Excision of expanded GAA repeats alleviates the molecular phenotype of friedreich's ataxia

Yanjie Li, Urszula Polak, Angela D. Bhalla, Natalia Rozwadowska, Jill Sergesketter Butler, David R. Lynch, Sharon Y.R. Dent, Marek Napierala

Research output: Contribution to journalArticlepeer-review

65 Scopus citations


Friedreich's ataxia (FRDA) is an autosomal recessive neurological disease caused by expansions of guanine-adenine-adenine (GAA) repeats in intron 1 of the frataxin (FXN) gene. The expansion results in significantly decreased frataxin expression. We report that human FRDA cells can be corrected by zinc finger nuclease-mediated excision of the expanded GAA repeats. Editing of a single expanded GAA allele created heterozygous, FRDA carrier-like cells and significantly increased frataxin expression. This correction persisted during reprogramming of zinc finger nuclease-edited fibroblasts to induced pluripotent stem cells and subsequent differentiation into neurons. The expression of FRDA biomarkers was normalized in corrected patient cells and disease-associated phenotypes, such as decreases in aconitase activity and intracellular ATP levels, were reversed in zinc finger nuclease corrected neuronal cells. Genetically and phenotypically corrected patient cells represent not only a preferred disease-relevant model system to study pathogenic mechanisms, but also a critical step towards development of cell replacement therapy.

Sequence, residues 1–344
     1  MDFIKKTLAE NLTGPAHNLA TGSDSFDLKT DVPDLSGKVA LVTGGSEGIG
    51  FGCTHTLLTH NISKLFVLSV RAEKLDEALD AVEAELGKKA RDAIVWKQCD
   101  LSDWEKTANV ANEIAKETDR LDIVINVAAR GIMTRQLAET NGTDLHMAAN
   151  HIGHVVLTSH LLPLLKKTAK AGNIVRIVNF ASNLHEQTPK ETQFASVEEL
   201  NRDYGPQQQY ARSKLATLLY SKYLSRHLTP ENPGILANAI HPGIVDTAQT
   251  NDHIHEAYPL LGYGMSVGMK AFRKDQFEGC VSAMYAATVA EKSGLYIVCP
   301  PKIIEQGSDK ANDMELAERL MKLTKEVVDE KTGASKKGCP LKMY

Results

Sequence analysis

Original languageEnglish (US)
Pages (from-to)1055-1065
Number of pages11
JournalMolecular Therapy
Issue number6
StatePublished - Jun 1 2015
Externally publishedYes

ASJC Scopus subject areas

  • Molecular Medicine
  • Molecular Biology
  • Genetics
  • Pharmacology
  • Drug Discovery


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